Much like the discovery that the sun does not orbit us, but vice versa, shifting our thinking outwards seems like a good plan. Certainly, it’s an inspiring starting point for many dance artists in Berlin and beyond. It also leads to some sticky dilemmas. When removing the human, we are immediately left with everything else: the non-human. The non-human seems to be an umbrella term for a rather vague understanding of all the beings that fall outside of us: plants, animals, rocks, fungi, bacteria… But also spoons, smartphones, and if you are so inclined, aliens… The list goes on. The non-human in this way, is perhaps less of a useful label than we might hope for, as it is too generic to get into the juiciness of specificity. Nonetheless, it is used often and has been adopted by the dance world to offer a sense of something that is not us but that we somehow wish to approximate.

The term non-human is currently most often used to refer to the natural world. Nature. A term that is perhaps even more sticky, as throughout history it has held many different meanings across cultures and contexts. Indigenous perspectives and philosophies in particular are fundamentally different to Western conceptions of nature. That said, there is one version of nature that keeps coming back in current dance works. Luscious forests, green, open fields, sun-kissed, rolling hills… A soft summer breeze, bumble bees buzzing, birds chirping chirpily. What we have here, is the picturesque. Morton describes it as follows:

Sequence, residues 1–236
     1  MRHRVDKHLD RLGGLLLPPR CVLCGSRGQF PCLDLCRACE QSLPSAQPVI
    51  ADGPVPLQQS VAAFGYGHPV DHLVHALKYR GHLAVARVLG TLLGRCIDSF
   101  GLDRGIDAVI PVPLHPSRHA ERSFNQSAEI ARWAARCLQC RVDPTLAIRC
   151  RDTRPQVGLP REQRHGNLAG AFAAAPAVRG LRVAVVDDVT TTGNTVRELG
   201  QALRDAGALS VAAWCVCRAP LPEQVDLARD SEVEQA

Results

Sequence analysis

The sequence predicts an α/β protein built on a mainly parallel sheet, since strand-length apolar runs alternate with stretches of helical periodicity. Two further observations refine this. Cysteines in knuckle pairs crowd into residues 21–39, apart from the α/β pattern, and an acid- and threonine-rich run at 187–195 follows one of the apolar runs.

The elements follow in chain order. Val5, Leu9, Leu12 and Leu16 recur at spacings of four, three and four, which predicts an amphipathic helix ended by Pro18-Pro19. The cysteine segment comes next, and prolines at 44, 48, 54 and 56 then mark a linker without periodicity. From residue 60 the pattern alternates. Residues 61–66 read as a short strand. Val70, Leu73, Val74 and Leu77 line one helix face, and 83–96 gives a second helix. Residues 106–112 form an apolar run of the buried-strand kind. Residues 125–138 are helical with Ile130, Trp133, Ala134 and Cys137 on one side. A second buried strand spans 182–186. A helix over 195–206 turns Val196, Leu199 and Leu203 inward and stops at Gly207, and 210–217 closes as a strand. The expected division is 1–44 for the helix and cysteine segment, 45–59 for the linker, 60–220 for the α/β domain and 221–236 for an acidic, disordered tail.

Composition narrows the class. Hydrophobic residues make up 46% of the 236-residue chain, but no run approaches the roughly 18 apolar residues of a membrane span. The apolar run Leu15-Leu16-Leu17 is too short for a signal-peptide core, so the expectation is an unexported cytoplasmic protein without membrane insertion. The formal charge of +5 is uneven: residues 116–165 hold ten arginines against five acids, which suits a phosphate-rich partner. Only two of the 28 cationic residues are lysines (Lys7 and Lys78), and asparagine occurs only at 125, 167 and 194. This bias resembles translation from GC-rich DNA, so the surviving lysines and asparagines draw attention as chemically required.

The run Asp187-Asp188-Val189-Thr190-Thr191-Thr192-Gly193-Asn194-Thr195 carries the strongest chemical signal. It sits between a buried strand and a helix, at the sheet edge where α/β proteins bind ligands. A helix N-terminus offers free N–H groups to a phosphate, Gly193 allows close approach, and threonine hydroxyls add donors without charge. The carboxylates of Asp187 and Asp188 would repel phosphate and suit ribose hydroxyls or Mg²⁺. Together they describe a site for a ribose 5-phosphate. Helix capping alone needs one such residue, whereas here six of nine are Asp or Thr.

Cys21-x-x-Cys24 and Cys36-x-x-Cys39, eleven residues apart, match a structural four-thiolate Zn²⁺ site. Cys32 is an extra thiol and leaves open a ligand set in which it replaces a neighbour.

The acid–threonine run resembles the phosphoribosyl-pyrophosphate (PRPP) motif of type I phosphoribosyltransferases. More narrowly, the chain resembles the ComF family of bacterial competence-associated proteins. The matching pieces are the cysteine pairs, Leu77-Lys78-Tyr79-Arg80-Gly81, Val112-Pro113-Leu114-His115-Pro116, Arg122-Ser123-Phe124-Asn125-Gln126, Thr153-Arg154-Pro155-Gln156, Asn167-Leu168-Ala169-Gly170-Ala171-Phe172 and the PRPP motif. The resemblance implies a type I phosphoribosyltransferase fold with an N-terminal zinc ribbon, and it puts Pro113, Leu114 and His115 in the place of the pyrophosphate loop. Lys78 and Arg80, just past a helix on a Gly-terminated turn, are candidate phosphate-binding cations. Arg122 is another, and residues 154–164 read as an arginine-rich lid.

“In the picturesque, the world is designed to look like a picture - like it's already been interpreted and packaged by a human. You can easily see what's what: there's a mountain over there, a lake, maybe there's a tree in the foreground. Funnily enough, the classic picturesque image, which I have just described, is on average everyone's favourite image - everyone on planet Earth, and maybe its ubiquity is why many people also find this image kitsch or obvious.” (Being Ecological, 2018, p. 24)

Nature, in the form of the picturesque, depicts a kind of nature that gives us humans a sense of safety, of comfort, of peace. But also a sense of freedom and abandon: we can let go of the constraints of society and, for a moment, revel in its wonder and beauty. It’s an ideal, that, in taking a one-sided approach to nature, creates distance between us and it, reinstating a separation that parallels the mind-body divide à la 17th century Descartes. It is not us and we are not it. But it’s there for us, and we can enjoy it when we please.